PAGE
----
Flashback story of an escape from the lonely, high-security Dartmoor Prison. A jealous barber's assistant is enraged by the attentions that his manicurist girlfriend pays to a customer. He ... See full summary »
The second part (My ain folk) of Bill Douglas' influential trilogy harks back to his impoverished upbringing in early-'40s Scotland. Cinema was his only escape - he paid for it with the ... See full summary »
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Sol de Carvalho
Maria Amélia Pangane
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Flashback story of an escape from the lonely, high-security Dartmoor Prison. A jealous barber's assistant is enraged by the attentions that his manicurist girlfriend pays to a customer. He threatens the customer with an open razor and lands in gaol. Written by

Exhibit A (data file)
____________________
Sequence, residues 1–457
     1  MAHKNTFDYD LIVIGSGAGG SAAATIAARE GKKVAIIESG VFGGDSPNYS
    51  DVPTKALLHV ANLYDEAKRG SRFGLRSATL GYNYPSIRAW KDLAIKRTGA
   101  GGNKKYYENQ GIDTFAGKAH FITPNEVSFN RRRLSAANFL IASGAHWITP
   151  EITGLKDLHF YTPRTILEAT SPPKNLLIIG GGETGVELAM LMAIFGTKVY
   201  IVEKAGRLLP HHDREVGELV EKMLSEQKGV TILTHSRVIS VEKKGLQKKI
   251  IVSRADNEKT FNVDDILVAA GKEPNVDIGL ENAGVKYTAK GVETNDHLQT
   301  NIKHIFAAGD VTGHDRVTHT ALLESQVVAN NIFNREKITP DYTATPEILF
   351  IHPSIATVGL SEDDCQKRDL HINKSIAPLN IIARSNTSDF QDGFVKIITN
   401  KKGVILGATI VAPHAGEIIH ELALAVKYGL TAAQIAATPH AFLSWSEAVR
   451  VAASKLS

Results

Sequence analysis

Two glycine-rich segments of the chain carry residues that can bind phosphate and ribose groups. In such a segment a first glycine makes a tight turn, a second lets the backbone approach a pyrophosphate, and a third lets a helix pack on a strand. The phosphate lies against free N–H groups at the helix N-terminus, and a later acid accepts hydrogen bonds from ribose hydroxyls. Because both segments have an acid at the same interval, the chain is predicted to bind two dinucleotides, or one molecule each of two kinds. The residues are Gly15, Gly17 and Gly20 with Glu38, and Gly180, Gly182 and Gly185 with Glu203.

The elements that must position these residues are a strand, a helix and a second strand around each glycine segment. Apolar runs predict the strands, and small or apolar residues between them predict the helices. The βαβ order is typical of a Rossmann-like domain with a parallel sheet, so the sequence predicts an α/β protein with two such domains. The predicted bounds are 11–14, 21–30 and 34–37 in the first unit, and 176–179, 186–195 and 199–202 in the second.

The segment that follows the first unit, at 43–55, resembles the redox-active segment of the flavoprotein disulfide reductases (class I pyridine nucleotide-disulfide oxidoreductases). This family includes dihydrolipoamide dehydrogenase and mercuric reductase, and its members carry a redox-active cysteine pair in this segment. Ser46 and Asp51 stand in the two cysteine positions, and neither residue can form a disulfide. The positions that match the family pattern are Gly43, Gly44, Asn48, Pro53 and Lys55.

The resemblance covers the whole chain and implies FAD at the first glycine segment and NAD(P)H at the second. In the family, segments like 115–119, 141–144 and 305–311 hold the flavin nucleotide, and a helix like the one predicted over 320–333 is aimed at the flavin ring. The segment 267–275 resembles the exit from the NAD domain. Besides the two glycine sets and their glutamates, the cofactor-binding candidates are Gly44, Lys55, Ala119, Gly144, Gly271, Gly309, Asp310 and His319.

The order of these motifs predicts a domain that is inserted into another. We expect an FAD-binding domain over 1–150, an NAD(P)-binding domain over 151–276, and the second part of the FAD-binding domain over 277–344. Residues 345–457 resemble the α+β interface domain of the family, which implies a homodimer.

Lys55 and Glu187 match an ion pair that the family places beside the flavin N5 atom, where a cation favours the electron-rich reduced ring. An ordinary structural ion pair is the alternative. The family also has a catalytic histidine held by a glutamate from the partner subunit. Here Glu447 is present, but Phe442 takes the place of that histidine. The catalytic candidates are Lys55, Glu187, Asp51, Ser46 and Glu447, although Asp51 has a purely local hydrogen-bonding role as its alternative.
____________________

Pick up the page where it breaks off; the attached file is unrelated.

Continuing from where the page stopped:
Firstly, let me say that my little lad eats the occasional rusk and loved them when a baby (now nearly 4). I loved this movie...I saw it for the first time last night on the BBC. I too enjoyed the flashback vehicle, which by using the exclamation (via title) "Joe!" jolted us into flashback. I thought the use of mirrors imaginative and symbolic (Norah appearing at times a disembodied - if beautiful - head among possessive men in the barbershop. I was quite enthralled by the big farmer coming in for a manicure (wink-wink). The images are on reflection quite disturbing in the barbershop...a man having his hands caressed by a pretty girl whilst a cut throat razor is applied to his throat. I too found the trip to the cinema memorable and also poignant. The director at pains to reveal to us the value of the cinema orchestra at a time when their jobs would have been in extreme peril. Couple this with mention of a "talkie" earlier (this received a blank response) and these elements could be viewed as a swan song for the silents. You must see this film, it is truly wonderful. The performances are spot on and it does not always take the predictable turn. Considering the intensity of obsession the male lead character conveys, the film develops great warmth. UNIQUE!!
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